Damaged split cardboard sleeves that are attached like page of book, then more split cardboard inner sleeves with cardboard fragments on records. I find these box sets are just a money grabbing exercise and asking for refund.
I wanted to write about this for a long long time... i believe the new mastering for this album is very, very bad. It's too low in general with no clear sound, especially in comparison to the absolutely perfect, crispy remastering of the "In Your Room" box set. The choice of the remixes included here are from average to bad - so many fantastic remixes left outside... for what? And where is "The Other Side Of Love", one of their four only official UK singles? If it wasn't for the BBC sessions and the beautiful design i'd say avoid it. As an evidence of the work from the finest electro-pop duo ever and as a piece of history "Four Pieces" is pure perfection.
Am I the only one who has problems with the final disc (vinyl - the BBC sessions)? I have listened to two records already and they both have the following pressing errors: “Winter Kills” has some very loud scratchy noises all through this beautiful song “Bring Your Love Down” has a couple of sound gaps/skips Anyone with the same problems?
Am I the only one who actually only got THREE PIECES? The vinyl box and packaging is outstanding, but I had two copies of the eight remixes vinyl and 0 copies of the BBC Sessions. It was a mix-up I guess. But I'm rather miffed about it.
I am happy to see Mute releasing and re-releasing some of the classic stuff. That is understandable, and as Daniel Miller himself put it in the recently released, amazing book about Mute - these records have to stay available to the record buying public. So why not put out a new expanded version of the existing collections?
Sure the sad part of the story is the exclusiveness and the price it sets for the record buying public these days. Too bad because not that long ago, records were still affordable, now every single version of something can cost a fortune because of the record collecting hype per se and it's sickening how far it went these days...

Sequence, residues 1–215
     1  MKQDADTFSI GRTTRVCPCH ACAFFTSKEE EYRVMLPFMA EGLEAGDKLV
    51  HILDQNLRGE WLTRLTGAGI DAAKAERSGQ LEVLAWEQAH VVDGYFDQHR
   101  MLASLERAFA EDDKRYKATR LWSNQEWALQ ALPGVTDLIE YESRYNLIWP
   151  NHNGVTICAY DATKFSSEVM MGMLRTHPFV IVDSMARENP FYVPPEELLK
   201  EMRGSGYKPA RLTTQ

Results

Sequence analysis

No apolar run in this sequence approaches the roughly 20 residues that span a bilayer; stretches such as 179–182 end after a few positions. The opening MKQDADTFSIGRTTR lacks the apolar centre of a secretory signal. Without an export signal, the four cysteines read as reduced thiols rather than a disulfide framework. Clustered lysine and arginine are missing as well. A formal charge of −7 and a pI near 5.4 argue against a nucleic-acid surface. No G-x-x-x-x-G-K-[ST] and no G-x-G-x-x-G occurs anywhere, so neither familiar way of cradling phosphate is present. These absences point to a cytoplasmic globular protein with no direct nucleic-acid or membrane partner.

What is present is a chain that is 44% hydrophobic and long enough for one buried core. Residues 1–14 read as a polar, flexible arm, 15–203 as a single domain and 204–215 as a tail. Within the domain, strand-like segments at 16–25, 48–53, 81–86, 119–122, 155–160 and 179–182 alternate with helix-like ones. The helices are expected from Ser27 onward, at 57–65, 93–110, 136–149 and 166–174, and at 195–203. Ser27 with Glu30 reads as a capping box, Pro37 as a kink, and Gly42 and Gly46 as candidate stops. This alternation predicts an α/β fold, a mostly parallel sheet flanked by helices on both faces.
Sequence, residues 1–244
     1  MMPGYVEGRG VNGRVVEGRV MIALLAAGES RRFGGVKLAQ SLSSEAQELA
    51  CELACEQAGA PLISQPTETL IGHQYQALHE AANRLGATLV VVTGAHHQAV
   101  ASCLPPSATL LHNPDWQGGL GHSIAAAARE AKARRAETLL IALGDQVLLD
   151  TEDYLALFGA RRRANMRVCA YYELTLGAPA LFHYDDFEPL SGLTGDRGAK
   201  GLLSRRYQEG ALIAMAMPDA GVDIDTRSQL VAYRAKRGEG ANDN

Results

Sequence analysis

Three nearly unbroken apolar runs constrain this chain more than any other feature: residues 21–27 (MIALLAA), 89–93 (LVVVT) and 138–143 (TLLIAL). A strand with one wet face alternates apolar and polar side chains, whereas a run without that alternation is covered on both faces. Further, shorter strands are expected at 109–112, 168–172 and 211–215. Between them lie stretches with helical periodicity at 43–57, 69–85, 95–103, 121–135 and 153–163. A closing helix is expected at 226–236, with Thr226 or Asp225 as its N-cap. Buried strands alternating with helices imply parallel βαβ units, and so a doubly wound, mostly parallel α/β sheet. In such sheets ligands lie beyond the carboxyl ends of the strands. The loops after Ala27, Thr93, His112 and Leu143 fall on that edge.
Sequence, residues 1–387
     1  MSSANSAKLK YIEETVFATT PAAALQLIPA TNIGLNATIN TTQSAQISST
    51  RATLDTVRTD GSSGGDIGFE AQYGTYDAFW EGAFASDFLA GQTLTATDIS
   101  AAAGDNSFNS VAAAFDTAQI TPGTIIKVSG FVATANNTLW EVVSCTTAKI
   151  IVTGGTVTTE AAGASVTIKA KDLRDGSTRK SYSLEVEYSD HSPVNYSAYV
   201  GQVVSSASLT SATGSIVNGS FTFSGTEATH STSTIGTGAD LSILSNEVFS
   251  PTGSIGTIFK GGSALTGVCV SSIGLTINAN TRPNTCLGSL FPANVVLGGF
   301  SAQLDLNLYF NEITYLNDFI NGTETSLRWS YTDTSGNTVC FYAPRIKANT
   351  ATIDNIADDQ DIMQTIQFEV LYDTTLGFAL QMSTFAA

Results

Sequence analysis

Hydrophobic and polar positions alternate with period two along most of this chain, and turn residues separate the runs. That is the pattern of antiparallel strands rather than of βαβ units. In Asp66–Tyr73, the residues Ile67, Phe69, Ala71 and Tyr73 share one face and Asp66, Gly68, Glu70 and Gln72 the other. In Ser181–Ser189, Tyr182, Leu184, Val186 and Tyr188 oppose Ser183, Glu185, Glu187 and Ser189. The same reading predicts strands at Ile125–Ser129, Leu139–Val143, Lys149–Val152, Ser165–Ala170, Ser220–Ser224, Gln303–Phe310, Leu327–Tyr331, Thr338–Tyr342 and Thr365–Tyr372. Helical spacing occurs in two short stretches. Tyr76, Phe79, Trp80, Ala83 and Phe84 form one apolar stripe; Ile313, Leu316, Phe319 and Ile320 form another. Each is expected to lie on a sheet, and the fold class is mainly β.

Back on Yazoo, "Four Pieces" is a good choice of title for one such retrospective collection. And this one surely does more justice aesthetically than "In Your Room". The latter was an interesting oddity of a CD box-set, celebrating their reunion around 2008 but in itself, it already lacked exclusive material, meaning - songs and demos that may have survived and could be saved from tape obscurity... One other thing that annoys on that box set is the extensive use of Arial, the horrible substitute font to Helvetica or Univers (the latter originally used on "Upstairs At Eric's" alongside the Broadway typed "Yazoo" which survived to the present day as the duo's "brand logo" of sorts). Sadly Arial spoiled it and made "In Your Room" flimsy cardboard box look so horribly cheap and dangerously close to piracy.
The end result is "In Your Room" recycled live and remixed recordings in both audio and video, over and over through its extra discs, clearly showing Yazoo were a respectful but far too short-lived to deliver anything beyond the two official albums and a batch of singles, whose b-sides were again taken from albums. Funny that "The Other Side of Love" happened to be a non-album A-side single released between the two albums, and "Ode To Boy" that originally appeared as its exclusive b-side later ended on "You And Me Both" (which is actually a better decision).
The only proper available b-side is the lonesome "State Farm" (originally paired with "Nobody's Diary"), which already reappeared on a number of CD releases in the last 20 years (starting with the single's CD re-release and the "Only Yazoo" compilation from 1999), while the ultra obscure "Get Set" and "Chinese Detective" happen to continue slipping through. Even "State Farm" and "The Other Side Of Love" are omitted in original form from this LP set, leaving the lot somewhat incomplete.
The Peel Sessions and Jensen sessions will surely be of some consolation for this occasion but some of it was available previously as well. Generally "Four Pieces" is something the newer generation of listeners will appreciate more - and for that, it is surely welcome.
I can’t help but feel this is another cash in from BMG. They did similar with the Erasure catalogue, and even Depeche Mode re-releases are afoot, with the recent first 2 album releases 12” collections. IMHO, In Your Room is the collection I cherish, and I’m lucky to have a signed copy too. I can’t see the remastered 2018 versions being so superior to the 2008 remasters. Also, for a compilation album with all the hits, listen to Reconnected. I love this album. Live. Most of the hits from the 2 albums. And all sounding excellent, especially on headphones.